Lect9_drift

Lect9_drift - Causes of Evolution: Drift versus Selection +...

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1 Causes of Evolution: Drift versus Selection + Ice Fishes case study Day #9 Today’s 3 goals … Be able to answer these questions • 1. How can drift cause a gene or trait to increase in frequency? • 2. What types of changes are observed in actual genes? • 3. Why are many of the changes observed neutral? Errors are Inevitable: Mutations cause DNA (and amino acid) sequences to diverge over time Sequence X Sequence A Sequence B Genetic drift occurs when selection cannot detect or cannot remove mutations Genetic Drift? • Any change in base sequence is detectable using modern genetic techniques, but many do not affect phenotype • Selection acts on phenotype • Thus, some genetic changes are invisible to selection – Silent mutations (usually undetectable, with some exceptions) – Some missense mutations (amino acids with similar chemistries) • Other genetic changes persist despite reducing fitness – Selection is more powerful in large populations You might expect the following: Frequency of new allele “a 1 of GeneA 1.0 0 Freq is low when a 1 first forms in population of “a” (freq is a 1 /(a + a 1 ) Generations after formation of a 1 If a 1 improves reproductive success If a 1 reduces reproductive success (loss and reoccurrence) If a1 has no effect on reproduction it i ncreases slowly due to the accumulation of new mutations Actually, this is what you see if a 1 is beneficial : Frequency of new allele “a a of GeneA 1.0 0 Freq is low when a 1 first forms Time (mutations forming repeatedly) Many new mutations get lost. If the mutation manages to get common enough, it ‘escapes’ drift and can sweep the population Drift wins. Beneficial mutation is lost. Selection wins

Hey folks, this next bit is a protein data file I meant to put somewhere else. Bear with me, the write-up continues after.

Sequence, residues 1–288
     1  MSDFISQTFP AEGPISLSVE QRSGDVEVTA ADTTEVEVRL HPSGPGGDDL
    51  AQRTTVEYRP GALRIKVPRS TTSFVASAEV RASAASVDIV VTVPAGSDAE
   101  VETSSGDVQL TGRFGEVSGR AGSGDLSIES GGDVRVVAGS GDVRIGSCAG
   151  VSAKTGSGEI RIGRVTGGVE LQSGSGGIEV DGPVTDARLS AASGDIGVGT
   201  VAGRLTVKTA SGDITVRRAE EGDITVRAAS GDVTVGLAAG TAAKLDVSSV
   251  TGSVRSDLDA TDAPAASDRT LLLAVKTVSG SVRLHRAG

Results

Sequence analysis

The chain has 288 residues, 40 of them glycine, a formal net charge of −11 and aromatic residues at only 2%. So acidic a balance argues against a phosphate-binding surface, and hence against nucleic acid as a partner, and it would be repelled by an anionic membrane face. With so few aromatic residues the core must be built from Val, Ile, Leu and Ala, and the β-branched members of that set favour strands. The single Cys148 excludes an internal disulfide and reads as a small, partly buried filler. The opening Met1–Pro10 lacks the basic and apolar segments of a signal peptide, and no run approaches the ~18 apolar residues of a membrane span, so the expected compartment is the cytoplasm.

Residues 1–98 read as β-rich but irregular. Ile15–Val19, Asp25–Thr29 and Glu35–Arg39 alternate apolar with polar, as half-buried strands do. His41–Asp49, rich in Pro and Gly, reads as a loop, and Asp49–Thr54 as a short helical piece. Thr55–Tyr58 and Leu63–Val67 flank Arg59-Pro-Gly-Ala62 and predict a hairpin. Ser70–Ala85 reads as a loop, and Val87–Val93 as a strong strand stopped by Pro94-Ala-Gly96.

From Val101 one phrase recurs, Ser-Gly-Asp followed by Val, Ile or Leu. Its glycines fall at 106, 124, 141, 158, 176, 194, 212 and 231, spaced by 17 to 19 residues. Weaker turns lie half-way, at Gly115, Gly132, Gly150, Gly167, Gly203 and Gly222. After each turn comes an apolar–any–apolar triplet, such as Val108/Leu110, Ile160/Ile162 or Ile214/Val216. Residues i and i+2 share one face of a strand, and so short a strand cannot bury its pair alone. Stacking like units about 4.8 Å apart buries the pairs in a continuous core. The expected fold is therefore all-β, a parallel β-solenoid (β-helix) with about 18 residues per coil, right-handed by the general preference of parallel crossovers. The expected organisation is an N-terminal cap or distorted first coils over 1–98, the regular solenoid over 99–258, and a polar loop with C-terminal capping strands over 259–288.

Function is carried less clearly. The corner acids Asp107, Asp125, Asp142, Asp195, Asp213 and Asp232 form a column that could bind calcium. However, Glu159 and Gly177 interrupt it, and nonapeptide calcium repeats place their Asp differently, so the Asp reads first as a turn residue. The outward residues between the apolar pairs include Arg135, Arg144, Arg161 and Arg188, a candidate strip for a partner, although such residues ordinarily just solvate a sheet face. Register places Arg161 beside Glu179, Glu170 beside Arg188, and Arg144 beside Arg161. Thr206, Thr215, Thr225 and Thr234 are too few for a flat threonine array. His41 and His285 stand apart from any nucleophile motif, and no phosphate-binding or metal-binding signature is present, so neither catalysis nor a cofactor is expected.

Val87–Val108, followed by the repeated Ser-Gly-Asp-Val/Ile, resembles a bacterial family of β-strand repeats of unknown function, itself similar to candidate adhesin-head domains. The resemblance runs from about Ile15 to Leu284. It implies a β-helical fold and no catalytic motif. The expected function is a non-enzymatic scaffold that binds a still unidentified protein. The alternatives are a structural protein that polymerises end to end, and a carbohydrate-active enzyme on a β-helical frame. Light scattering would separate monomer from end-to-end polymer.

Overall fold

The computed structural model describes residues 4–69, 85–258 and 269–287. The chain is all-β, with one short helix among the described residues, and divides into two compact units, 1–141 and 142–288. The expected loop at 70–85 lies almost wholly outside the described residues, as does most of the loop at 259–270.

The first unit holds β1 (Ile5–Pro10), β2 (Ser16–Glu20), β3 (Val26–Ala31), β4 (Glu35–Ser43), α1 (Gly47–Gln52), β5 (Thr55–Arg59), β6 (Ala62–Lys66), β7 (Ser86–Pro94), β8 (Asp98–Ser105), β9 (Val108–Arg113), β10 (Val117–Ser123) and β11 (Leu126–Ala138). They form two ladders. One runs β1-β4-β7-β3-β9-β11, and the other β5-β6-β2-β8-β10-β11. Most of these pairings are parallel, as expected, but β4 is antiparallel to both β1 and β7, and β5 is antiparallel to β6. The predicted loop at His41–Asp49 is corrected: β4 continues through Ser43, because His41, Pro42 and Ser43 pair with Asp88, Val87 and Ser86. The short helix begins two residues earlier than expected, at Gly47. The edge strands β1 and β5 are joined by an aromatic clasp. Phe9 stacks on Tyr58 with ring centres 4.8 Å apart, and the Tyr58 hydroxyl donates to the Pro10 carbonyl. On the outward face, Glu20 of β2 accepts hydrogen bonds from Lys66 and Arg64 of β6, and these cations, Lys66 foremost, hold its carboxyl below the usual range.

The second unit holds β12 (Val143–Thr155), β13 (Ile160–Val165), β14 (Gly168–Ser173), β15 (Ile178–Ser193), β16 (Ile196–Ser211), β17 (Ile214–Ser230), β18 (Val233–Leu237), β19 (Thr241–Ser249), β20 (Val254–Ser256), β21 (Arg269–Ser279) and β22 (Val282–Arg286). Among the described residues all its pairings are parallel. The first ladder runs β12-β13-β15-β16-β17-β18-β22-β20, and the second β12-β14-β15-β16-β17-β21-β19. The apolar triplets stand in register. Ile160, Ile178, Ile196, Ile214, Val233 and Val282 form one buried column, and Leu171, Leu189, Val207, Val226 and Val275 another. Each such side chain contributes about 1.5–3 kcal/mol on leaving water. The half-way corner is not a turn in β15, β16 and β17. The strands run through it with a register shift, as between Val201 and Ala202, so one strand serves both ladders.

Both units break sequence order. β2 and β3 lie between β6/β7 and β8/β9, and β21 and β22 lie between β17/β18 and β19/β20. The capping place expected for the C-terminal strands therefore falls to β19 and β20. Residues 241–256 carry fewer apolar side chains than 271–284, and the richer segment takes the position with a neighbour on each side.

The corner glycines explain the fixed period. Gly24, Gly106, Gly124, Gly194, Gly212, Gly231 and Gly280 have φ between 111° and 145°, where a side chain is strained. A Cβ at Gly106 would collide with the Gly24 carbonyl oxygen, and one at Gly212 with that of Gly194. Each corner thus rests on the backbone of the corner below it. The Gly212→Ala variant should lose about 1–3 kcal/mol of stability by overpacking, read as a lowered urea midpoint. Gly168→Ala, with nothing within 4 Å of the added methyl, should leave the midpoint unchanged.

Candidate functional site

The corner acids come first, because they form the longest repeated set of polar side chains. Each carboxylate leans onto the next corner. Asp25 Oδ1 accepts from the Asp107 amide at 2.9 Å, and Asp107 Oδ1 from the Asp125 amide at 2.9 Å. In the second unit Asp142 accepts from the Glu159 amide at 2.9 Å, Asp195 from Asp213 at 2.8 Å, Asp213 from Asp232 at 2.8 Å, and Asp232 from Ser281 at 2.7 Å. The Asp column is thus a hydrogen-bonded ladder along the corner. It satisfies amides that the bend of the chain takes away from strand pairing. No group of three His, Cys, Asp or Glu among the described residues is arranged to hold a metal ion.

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2 And if new a 1 is neutral, you see this: Frequency of new allele “a a of GeneA 1.0 0 Freq is low when a 1 first forms Time (mutations forming repeatedly) Most alleles are lost ….but they can hang around a long time Random changes in allele frequency - (drift) Without selection, one allele will eventually “win” by chance And if new a 1 is neutral, you see this: Frequency of new allele “a a of GeneA 1.0 0 Freq is low when a 1 first forms Time (mutations forming repeatedly) Random changes in allele frequency - (drift) If each new neutral allele has the same probability as any to sweep the population, then Probability of winning = 1/pop size NOTICE POPULATION SIZE EFFECT If you start a population with a 1:1 mix of two neutral alleles 2500 250 0.5 1.0 Freq. of a 1 25 individuals A particular Allele will drift either to fixation or be lost, It takes longer in large population (affects of chance events and thus fluctuations in allele number are smaller) One or the other will ultimately win DRIFT IS A STRONGER FORCE IN SMALL POPULATIONS Observation: Proteins with similar sequences exist in many organisms • Gene name: Amino Acid sequence • Aniridia (human): LQRNRTSFT QE QI EA LEKEFERTHYPDVFARERLA A KI D LPEARIQVWFSNRRAKWRREE • Eyeless ( Drosophila
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Lect9_drift - Causes of Evolution: Drift versus Selection +...

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